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Just how many?

Just how many craft brewing companies are there in the Toronto area these days? I’m overwhelmed by the choice…

IMG_7316.jpgThis one promises (on the can) to be bright, crisp and thirst quenching, and I quite enjoy it.

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AlphaGo plays online

The AlphaGo whiz-bang Go-playing computer, which decisively beat Lee Sedol (one of the best players of our time) in a challenge match, has very recently played 60 online games against top players. I’ve read online that the human opponents were aware their opponent was AlphaGo, but I have no actual confirmation of that.  I understand these were blitz games, with each player having just 30 seconds per move. I think the time limitation is an advantage for the computer, but I only base that on how difficult I find it to play without ample thinking time. The score for these games was AlphaGo: 60 – Humans: 0. Ouch. Maybe the humans would have done better with more time, but then again maybe not.

Top professional Go players are an elite bunch who play the game so much better than the rest of us mere mortals. However, it looks like the computer is going to dominate the game in the future. This doesn’t much matter to amateurs who play the game for fun, like me. In my lifetime, I don’t expect to ever be able to beat even the weakest of pro players. I just want to improve my game over time and find ways to improve my strength. The situation does shake up the pro Go community though, if even the strongest of the elite group of players cannot beat the machine.

Here is a 20 minute review of one of the 60 games presented by Haijin Lee, a retired pro player. In this game, AlphaGo is playing Ke Jie. AlphaGo plays the black stones.

Filed under: Go
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Hugh’s Room closing doors

I was saddened to hear on the radio this morning that Hugh’s Room is closing its doors. Over the years, Tuffy P and I have attended so many great performances at this venue, including: the late Tommy Makem, The McGarrigles, Tom Russell, Ramblin’ Jack Elliott, the Carolina Chocolate Drops, Ian Tyson, Paul Brady, the annual Banjo Special, The Kruger Brothers, April Verch, Bruce Molsky, Iris Dement, Valdy, Stacey Earle and Mark Stuart and so many more.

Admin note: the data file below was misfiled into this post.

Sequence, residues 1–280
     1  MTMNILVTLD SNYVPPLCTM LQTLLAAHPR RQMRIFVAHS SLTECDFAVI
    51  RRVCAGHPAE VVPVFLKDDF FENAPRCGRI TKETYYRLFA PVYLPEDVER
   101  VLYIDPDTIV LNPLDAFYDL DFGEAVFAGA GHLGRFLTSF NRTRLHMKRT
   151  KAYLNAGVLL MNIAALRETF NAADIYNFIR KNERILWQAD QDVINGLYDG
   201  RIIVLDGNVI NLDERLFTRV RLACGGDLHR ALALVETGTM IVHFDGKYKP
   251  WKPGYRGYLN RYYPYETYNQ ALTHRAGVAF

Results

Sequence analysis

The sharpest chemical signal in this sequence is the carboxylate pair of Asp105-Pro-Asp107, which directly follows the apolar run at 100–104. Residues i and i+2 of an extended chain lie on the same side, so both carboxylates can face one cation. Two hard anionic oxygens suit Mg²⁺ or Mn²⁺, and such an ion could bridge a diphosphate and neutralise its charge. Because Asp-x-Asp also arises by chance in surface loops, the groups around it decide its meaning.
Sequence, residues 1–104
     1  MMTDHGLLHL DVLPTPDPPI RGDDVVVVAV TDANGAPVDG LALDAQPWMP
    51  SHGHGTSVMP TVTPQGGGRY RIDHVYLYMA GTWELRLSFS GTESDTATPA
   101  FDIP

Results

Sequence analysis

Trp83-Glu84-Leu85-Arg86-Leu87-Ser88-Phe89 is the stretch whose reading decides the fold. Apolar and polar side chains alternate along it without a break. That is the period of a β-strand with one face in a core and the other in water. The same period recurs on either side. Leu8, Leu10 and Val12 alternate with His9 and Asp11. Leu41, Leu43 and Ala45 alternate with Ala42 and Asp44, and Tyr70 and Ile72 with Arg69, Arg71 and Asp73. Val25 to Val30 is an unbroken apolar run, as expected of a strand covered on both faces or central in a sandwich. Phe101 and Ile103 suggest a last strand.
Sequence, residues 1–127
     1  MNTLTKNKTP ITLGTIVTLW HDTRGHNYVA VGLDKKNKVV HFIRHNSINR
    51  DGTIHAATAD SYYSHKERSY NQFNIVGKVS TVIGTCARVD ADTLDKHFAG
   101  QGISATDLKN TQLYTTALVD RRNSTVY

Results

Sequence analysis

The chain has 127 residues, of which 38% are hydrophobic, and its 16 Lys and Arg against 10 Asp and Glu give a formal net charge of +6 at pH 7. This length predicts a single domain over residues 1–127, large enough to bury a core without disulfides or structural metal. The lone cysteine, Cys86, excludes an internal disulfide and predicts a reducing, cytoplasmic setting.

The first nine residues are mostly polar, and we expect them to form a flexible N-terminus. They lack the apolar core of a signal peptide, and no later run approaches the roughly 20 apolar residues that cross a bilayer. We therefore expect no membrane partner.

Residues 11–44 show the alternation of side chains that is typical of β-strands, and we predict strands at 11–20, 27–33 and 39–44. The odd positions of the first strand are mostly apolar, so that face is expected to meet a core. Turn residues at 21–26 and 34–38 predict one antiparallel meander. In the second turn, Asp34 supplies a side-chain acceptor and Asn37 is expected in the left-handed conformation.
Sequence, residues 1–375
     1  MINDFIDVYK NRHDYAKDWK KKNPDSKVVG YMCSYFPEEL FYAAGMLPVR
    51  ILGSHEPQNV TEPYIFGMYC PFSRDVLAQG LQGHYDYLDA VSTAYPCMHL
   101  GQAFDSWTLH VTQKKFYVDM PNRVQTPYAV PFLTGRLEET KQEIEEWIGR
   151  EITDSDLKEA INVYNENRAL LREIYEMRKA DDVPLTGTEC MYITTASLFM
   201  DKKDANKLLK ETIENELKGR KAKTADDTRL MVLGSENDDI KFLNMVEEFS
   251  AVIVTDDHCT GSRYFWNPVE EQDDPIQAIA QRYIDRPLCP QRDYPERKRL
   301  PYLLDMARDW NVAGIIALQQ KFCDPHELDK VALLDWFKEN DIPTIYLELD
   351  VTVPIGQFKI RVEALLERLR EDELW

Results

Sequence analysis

I understand Hugh’s Room has suffered financial troubles for years. I don’t know anything about running a club, but it must be really difficult operating a place that features folk music. They’ve had a dinner and show kind of format as long as I can remember. I often thought they would do better with a pub-style approach to food, but what do I know? I’ve never been involved with the restaurant, pub or club industry except as a patron.

Hugh’s Room has been THE place in Toronto for a lot of the live music we enjoy.  It’s been a fantastic room to listen to music. I don’t know where all those wonderful performers will play now, when they come through Toronto.

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A door that works

We finally had our patio door replaced today. The old one was in bad shape and to open or close it, we had to really lean into it and drag it along the track. I tried and failed to find a compatible set of new wheels, or alternatively someone to fix to old door.  My concern was that one day one IMG_7302.jpgof us would yank the thing right off its tracks. Shopping for a patio door is a pain in the neck. It’s really hard to compare quality and price and some of the companies out there doing this work are difficult to deal with. Regular readers may recall a post here from late summer about our experience trying to buy a door from another company. They wanted us to sign a 9 page contract and give them half down, but refused to commit to an installation deadline in the contract.

We finally settled on a company called George Kent. They were really easy to deal with and their product seemed to be pretty good and the price was fair. I was concerned about having it installed today since it is so cold outside, but I needn’t have been. Three experienced installers showed up. These guys knew what they were doing and they were fast. It only took about 3 hours to take out the old unit, install the new one, add the hardware and new exterior flashing and sweep up after themselves.

The previous door – which was old when we moved into this house – was a real pain in the neck. I’m happy to have a safe, secure and functioning sliding door in its place.

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No gluten in that cider